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The Collected Letters of Robert Southey Part 4: 1810-1815

2298. Robert Southey to John Wilson Croker, [4 September 1813] ⁠* 

Streatham. Saturday afternoon.

My dear Sir

I have just received a letter from Scott. [1]  Its contents were not altogether unexpected, & having half-anticipated such a result I had given the subject {matter} its due consideration.

Twenty years ago when I had a reputation to win it would have been easy for me to furnish odes upon demand on any subject. This is no longer the case. I should go to the task like a school boy, with reluctance & a sense of incapacity for executing it well; & {but} unless I could so perform it as to give credit to the office, certain it is that the office could give none to me.

But if these periodical exhibitions were dispensed with, & I were left to write upon great events, or, to be silent, according as the spirit moved, I should then thankfully accept the office as a mark of honourable distinction, which it would then become.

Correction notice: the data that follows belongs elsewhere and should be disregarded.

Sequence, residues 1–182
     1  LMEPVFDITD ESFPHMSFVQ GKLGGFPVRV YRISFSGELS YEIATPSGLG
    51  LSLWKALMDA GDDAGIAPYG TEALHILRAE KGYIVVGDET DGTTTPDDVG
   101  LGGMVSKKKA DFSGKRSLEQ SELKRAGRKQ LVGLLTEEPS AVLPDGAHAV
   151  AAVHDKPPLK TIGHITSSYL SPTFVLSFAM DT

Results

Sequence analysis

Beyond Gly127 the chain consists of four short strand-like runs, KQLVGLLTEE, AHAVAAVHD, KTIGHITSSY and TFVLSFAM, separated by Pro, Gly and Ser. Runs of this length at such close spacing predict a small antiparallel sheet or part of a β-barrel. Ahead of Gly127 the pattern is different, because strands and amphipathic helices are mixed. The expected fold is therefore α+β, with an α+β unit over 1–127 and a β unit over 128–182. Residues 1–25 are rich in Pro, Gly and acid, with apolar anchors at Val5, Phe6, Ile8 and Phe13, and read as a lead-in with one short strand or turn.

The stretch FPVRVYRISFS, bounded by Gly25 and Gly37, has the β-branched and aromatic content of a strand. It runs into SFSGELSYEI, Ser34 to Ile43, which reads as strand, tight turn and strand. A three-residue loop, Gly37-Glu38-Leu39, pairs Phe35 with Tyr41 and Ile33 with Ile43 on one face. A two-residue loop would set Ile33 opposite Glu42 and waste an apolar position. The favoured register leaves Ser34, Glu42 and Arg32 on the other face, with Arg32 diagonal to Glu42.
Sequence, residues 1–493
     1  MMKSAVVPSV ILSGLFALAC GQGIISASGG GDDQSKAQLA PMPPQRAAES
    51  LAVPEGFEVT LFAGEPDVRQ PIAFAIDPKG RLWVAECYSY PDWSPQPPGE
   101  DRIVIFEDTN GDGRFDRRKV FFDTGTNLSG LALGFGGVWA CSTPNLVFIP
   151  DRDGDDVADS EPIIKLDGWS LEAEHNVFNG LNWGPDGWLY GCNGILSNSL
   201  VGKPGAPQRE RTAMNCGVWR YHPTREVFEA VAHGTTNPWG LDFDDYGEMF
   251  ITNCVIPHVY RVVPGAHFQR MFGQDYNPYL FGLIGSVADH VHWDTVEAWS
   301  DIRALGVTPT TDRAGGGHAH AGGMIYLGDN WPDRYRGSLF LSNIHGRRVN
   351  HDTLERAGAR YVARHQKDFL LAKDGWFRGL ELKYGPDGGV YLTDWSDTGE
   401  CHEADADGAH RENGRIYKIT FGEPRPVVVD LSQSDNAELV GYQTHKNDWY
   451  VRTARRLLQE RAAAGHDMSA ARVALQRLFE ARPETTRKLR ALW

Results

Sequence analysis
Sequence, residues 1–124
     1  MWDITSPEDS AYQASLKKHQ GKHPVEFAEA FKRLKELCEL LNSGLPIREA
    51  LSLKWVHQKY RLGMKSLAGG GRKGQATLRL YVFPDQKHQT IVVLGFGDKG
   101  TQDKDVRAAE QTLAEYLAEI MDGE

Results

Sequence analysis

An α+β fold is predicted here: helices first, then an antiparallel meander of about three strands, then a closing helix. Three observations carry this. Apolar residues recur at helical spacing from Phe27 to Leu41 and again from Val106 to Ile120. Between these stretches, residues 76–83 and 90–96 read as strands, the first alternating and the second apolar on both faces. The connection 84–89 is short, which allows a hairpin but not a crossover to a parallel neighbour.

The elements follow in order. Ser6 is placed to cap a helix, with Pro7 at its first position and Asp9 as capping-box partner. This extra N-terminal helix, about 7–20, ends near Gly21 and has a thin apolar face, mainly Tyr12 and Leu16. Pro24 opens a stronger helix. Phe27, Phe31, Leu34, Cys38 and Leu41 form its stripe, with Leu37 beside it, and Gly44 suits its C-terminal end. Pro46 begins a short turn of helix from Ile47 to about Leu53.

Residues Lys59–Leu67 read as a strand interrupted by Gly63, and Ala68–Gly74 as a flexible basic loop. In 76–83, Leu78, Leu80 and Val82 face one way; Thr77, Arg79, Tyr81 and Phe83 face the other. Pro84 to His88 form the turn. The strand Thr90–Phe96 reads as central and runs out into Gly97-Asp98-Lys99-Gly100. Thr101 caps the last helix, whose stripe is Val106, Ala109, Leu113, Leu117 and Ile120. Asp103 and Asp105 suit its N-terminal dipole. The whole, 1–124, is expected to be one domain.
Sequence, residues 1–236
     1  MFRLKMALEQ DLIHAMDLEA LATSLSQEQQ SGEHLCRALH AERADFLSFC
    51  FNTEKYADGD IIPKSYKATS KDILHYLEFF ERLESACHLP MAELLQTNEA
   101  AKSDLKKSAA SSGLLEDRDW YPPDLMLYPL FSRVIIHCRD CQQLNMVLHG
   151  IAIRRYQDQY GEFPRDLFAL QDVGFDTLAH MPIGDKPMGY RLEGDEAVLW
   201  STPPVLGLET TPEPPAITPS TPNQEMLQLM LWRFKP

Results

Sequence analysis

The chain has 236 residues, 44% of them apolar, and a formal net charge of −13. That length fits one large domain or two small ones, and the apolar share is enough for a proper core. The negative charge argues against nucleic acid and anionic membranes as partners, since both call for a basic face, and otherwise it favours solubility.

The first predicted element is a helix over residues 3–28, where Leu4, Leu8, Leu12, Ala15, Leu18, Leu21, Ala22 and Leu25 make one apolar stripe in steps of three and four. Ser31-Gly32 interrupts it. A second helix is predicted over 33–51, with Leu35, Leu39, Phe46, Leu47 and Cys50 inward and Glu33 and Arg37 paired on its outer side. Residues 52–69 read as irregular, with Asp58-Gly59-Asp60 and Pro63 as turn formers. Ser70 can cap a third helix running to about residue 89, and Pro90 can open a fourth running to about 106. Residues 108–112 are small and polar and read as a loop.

I write thus to you; not as proposing terms to the Prince, an impropriety of which I should be fully aware, but as to a friend who has more than once shown me acts of kindness which I had no reason to expect, & by whose advice I would be guided.

On Monday I will xxxxxxxxx enquire at the Admiralty if you be at leisure.

Believe me my dear Sir

very truly & respectfully yours

Robert Southey.


Notes

* Address: To/ John Wilson Croker Esqre/ &c &c &c/ Admiralty
Endorsement: I saw him
MS: Morgan Library, MA 1005
Previously published: L. J. Jennings (ed.), The Croker Papers: The Correspondence and Diaries of the Late Right Honourable John Wilson Croker, 2 vols (London, 1884), I, pp. 50-51 [in part; dated ‘probably September 1813’].
Dating note: dating from content; this letter was written on Saturday 4 September 1813. BACK

[1] Scott’s letter of 1 September [1813], telling Southey that he had declined the Poet Laureateship and instead recommended him to Croker. He also cautioned ‘I am uncertain if you will like it, for the laurel has certainly been tarnished by some of its wearers, and as at present managed, its duties are inconvenient and somewhat liable to ridicule’, H. C. Grierson (ed.), The Letters of Walter Scott, 1787–1832, 12, vols (London, 1932–1937), III, pp. 335–336. BACK

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August 2013